Breaking

Neil Armstrong photographed just minutes after becoming the first man to walk on the moon, 1969


On July 20, 1969, Neil Armstrong became the first man to walk on the Moon, ushering in a new era on space exploration. We are often subjected to the standard shots taken by Buzz Aldrin of the gray, rocky surface, with some faceless spacemen standing still and posing. That's why this picture, which is rarely seen, is such an immaculate piece of history.

The form of pure joy, accomplishment, and disbelief is a testament to what mankind can achieve. Aldrin snapped this shot of a teary-eyed Armstrong, moments after returning to the spacecraft and removing his helmet.

His ecstasy is evident; This is a man's face so astonishing that he can only smile and cry. Armstrong would later describe his emotional state as "happy, ecstatic and extremely surprised that we succeeded"—and we see it right here.

"It suddenly dawned on me that, that little pea, beautiful and blue, was the earth. I put my thumb up and closed one eye, and my thumb wiped out the planet Earth. I didn't feel like a giant. I didn't feel like a giant. Felt very, very small".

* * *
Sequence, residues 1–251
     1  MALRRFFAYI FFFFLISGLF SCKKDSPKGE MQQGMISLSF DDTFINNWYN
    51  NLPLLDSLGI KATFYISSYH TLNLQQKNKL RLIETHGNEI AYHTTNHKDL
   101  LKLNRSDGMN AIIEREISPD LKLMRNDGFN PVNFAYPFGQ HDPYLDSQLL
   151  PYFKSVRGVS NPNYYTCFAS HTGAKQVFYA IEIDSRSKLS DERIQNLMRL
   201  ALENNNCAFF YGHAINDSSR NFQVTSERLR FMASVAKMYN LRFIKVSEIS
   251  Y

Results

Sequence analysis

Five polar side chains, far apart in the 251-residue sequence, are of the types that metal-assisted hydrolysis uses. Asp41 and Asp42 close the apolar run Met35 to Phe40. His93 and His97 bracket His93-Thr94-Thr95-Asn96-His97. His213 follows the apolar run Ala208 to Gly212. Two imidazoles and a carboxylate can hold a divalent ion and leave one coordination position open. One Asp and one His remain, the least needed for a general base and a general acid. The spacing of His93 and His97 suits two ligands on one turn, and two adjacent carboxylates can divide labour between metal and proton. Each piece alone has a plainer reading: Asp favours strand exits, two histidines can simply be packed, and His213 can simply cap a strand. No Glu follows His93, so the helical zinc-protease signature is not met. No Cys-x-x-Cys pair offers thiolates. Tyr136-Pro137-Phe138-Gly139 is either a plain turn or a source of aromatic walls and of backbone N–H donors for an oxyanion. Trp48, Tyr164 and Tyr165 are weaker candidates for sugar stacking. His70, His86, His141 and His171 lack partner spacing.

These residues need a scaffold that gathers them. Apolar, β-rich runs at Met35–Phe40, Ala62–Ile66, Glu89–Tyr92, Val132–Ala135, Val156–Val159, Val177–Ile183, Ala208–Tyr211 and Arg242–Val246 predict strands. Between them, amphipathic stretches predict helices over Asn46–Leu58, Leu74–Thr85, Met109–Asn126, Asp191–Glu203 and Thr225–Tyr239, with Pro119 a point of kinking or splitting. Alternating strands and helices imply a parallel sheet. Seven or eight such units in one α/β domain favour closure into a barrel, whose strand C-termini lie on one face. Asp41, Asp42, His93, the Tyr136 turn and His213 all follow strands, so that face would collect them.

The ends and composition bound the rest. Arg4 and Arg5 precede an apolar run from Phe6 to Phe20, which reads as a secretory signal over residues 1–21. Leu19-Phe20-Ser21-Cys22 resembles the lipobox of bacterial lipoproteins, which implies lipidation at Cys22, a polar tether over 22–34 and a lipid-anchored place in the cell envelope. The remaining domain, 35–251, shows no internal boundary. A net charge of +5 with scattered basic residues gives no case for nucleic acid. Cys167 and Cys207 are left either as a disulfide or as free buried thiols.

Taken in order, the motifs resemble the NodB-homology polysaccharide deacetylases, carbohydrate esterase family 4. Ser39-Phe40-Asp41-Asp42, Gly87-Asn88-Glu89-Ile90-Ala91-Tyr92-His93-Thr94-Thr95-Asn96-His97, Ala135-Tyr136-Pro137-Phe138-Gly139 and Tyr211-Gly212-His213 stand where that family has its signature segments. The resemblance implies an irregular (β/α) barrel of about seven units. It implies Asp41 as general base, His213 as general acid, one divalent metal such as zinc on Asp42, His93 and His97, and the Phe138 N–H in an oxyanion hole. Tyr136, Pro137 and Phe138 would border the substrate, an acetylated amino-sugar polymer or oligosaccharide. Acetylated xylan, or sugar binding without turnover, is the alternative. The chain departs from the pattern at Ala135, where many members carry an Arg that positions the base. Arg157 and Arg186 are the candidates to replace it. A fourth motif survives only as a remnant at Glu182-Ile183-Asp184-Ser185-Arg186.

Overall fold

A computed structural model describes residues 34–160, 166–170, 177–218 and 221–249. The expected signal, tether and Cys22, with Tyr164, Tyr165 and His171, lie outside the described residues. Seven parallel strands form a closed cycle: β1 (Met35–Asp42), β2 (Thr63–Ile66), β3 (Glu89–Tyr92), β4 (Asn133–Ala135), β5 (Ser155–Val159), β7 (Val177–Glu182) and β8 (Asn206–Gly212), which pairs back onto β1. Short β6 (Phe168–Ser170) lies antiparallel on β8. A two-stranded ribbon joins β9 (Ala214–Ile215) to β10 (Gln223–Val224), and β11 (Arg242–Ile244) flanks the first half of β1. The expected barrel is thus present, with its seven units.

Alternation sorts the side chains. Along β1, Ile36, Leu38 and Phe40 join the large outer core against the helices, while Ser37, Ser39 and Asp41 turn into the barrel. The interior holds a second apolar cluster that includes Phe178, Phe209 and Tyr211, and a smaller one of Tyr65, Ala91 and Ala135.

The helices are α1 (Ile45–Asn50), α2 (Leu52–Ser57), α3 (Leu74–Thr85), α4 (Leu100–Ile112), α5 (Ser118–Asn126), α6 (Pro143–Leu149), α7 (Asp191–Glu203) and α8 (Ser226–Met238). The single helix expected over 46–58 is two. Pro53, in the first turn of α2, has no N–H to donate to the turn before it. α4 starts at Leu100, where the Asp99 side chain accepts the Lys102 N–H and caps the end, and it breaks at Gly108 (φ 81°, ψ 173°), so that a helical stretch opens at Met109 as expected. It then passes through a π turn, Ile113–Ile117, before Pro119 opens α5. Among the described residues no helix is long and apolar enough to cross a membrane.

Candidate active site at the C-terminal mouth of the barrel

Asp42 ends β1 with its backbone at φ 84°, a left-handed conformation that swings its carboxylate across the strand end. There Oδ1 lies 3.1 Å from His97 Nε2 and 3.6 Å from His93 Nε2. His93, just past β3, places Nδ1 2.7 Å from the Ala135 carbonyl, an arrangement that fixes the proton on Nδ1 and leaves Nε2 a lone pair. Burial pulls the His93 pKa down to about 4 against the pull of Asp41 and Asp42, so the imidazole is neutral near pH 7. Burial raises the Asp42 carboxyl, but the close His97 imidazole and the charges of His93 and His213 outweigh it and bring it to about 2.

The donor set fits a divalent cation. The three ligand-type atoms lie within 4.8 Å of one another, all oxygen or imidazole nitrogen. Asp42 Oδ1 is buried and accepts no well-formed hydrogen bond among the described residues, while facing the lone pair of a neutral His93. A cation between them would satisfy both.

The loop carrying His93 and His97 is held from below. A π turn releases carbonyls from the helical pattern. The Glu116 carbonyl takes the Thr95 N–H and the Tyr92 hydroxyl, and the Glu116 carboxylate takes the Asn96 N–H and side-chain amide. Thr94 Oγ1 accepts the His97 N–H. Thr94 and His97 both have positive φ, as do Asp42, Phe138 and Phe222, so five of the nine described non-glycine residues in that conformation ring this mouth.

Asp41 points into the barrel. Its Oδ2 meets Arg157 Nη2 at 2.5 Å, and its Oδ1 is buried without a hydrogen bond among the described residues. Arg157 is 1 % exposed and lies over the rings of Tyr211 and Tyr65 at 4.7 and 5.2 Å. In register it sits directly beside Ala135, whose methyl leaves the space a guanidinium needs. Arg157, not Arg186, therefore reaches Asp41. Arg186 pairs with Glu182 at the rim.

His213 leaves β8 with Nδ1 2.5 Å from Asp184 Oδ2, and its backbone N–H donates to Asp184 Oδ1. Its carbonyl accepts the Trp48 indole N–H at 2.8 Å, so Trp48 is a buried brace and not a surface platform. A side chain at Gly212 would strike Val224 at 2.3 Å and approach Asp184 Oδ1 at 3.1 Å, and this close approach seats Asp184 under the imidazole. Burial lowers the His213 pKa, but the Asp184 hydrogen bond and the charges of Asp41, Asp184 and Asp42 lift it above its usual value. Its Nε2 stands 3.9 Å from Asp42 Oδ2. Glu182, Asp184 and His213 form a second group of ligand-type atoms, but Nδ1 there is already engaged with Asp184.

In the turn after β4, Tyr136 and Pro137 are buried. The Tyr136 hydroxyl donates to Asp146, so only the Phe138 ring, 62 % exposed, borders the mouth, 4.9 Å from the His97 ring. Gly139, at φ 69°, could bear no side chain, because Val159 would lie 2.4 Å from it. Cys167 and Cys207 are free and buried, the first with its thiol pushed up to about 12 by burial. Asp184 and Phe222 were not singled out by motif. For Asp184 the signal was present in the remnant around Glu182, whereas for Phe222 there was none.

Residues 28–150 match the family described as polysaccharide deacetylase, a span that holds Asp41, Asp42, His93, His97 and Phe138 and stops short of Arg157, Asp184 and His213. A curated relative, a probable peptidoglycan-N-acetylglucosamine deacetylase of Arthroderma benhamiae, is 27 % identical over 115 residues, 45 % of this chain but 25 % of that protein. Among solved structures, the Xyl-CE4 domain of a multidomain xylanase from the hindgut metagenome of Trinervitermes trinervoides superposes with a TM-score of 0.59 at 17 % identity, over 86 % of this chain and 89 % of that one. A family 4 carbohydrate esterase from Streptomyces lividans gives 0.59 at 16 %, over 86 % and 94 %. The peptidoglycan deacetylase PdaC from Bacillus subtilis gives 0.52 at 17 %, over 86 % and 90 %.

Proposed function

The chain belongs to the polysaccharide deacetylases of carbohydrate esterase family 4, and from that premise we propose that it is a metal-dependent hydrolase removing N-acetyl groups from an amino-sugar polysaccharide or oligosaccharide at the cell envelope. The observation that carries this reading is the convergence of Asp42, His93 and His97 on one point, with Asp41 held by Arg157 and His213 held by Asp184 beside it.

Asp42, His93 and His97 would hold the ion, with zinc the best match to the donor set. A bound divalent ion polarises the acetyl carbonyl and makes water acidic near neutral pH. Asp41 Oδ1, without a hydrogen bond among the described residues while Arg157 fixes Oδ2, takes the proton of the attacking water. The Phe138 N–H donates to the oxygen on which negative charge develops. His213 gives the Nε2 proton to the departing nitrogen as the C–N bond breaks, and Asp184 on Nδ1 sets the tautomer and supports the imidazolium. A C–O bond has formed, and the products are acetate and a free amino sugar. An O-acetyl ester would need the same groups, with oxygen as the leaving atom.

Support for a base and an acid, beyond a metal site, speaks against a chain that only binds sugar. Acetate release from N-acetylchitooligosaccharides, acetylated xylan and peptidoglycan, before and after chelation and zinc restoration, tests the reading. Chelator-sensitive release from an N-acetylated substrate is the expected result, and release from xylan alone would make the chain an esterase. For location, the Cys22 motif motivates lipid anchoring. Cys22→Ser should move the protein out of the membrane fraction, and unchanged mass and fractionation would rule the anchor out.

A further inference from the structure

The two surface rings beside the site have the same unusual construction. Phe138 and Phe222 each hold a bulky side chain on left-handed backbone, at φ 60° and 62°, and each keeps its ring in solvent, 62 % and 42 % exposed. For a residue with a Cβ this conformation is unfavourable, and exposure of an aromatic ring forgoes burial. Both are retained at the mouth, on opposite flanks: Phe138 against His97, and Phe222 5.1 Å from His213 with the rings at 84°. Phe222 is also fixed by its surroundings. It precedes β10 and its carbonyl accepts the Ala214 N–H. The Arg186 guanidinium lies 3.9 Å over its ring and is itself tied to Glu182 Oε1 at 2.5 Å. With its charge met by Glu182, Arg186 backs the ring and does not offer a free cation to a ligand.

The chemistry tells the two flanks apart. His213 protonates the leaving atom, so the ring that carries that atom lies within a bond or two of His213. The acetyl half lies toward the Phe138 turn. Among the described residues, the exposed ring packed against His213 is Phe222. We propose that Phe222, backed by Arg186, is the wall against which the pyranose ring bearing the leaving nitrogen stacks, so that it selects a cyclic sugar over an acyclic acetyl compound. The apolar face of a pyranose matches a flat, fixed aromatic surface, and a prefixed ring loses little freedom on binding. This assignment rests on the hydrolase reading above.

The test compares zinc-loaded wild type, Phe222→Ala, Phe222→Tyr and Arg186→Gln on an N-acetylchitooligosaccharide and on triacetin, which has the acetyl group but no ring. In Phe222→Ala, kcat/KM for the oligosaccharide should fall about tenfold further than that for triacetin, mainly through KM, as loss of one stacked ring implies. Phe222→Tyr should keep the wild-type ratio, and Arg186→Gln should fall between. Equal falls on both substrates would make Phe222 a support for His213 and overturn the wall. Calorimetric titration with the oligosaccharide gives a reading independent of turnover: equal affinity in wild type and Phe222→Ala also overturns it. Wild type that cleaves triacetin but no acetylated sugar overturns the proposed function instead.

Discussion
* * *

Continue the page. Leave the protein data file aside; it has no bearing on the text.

2:56 UTC On July 21, 1969, Armstrong set the first human foot on another world. With more than half a billion people watching on television, he climbed down the ladder and declared: "It's one small step for one man, one big leap for mankind".

Aldrin is soon joined by him, and offers a simple yet powerful description of the lunar surface: "The Magnificent Desolation". After helping to install the Early Apollo Scientific Experiment Package, Armstrong moved 65 yards (59 m) east of the LM (Lunar Module) to what is known as the East Crater, the largest distance traveled by the LM. Mission.

They leave an American flag, a patch honoring the fallen Apollo 1 crew, and a plaque at one of the eagle's feet. It reads: “Here the people of planet Earth first stepped on the moon. July 1969 A.D. We all came in peace to mankind. ,

Armstrong's final act was to remind Aldrin to leave a small package of commemorative items to the deceased Soviet cosmonauts Yuri Gagarin and Vladimir Komarov, and Apollo 1 astronauts Gus Grissom, Ed White and Roger B. The time spent on the EVA during Apollo 11 was approximately two and a half hours, the shortest of any of the six Apollo lunar landing missions.

Original caption from the Apollo 11 Image Library:

Buzz snapped this photo of Neil in the cabin after the EVA was completed. Neil has taken off his helmet but hasn't taken off his "Snoopy" hat yet. The circuit breaker panels are illuminated, and there is a small floodlight in the bottom right. A circuit breaker chart is mounted on the wall with gray tape under the rendezvous window in the roof of the cabin.


No comments:

Powered by Blogger.